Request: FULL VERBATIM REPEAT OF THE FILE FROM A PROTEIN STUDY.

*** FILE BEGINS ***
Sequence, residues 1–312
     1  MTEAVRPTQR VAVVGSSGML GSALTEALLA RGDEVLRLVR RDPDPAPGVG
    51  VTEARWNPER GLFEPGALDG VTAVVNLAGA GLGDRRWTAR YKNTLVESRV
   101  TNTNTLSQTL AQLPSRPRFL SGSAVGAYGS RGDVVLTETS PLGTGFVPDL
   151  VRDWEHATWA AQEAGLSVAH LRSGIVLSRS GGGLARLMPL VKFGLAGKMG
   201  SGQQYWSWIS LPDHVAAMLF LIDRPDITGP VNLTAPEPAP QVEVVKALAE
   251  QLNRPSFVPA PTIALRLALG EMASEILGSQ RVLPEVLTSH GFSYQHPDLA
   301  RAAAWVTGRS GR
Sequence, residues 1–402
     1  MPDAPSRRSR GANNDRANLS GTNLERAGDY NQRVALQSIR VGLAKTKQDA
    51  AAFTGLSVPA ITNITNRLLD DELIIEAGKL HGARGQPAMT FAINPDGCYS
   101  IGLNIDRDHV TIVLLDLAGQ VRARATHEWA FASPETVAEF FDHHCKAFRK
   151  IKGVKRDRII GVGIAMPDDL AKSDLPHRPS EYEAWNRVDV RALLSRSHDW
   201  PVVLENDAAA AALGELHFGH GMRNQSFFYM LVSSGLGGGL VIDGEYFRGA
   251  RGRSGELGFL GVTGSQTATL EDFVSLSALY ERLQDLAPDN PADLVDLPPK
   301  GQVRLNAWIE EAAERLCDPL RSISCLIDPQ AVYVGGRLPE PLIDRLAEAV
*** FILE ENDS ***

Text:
Sequence, residues 1–312
     1  MTEAVRPTQR VAVVGSSGML GSALTEALLA RGDEVLRLVR RDPDPAPGVG
    51  VTEARWNPER GLFEPGALDG VTAVVNLAGA GLGDRRWTAR YKNTLVESRV
   101  TNTNTLSQTL AQLPSRPRFL SGSAVGAYGS RGDVVLTETS PLGTGFVPDL
   151  VRDWEHATWA AQEAGLSVAH LRSGIVLSRS GGGLARLMPL VKFGLAGKMG
   201  SGQQYWSWIS LPDHVAAMLF LIDRPDITGP VNLTAPEPAP QVEVVKALAE
   251  QLNRPSFVPA PTIALRLALG EMASEILGSQ RVLPEVLTSH GFSYQHPDLA
   301  RAAAWVTGRS GR
Sequence, residues 1–402
     1  MPDAPSRRSR GANNDRANLS GTNLERAGDY NQRVALQSIR VGLAKTKQDA
    51  AAFTGLSVPA ITNITNRLLD DELIIEAGKL HGARGQPAMT FAINPDGCYS
   101  IGLNIDRDHV TIVLLDLAGQ VRARATHEWA FASPETVAEF FDHHCKAFRK
   151  IKGVKRDRII GVGIAMPDDL AKSDLPHRPS EYEAWNRVDV RALLSRSHDW
   201  PVVLENDAAA AALGELHFGH GMRNQSFFYM LVSSGLGGGL VIDGEYFRGA
   251  RGRSGELGFL GVTGSQTATL EDFVSLSALY ERLQDLAPDN PADLVDLPPK
   301  GQVRLNAWIE EAAERLCDPL RSISCLIDPQ AVYVGGRLPE PLIDRLAEAV